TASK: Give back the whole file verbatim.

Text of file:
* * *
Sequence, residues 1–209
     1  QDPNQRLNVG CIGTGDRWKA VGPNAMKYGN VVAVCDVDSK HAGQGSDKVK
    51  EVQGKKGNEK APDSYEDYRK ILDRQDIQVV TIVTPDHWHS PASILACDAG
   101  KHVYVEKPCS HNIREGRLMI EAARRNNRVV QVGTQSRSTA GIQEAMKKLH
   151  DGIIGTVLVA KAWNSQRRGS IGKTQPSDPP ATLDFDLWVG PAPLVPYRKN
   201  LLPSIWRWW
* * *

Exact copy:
Sequence, residues 1–209
     1  QDPNQRLNVG CIGTGDRWKA VGPNAMKYGN VVAVCDVDSK HAGQGSDKVK
    51  EVQGKKGNEK APDSYEDYRK ILDRQDIQVV TIVTPDHWHS PASILACDAG
   101  KHVYVEKPCS HNIREGRLMI EAARRNNRVV QVGTQSRSTA GIQEAMKKLH
   151  DGIIGTVLVA KAWNSQRRGS IGKTQPSDPP ATLDFDLWVG PAPLVPYRKN
   201  LLPSIWRWW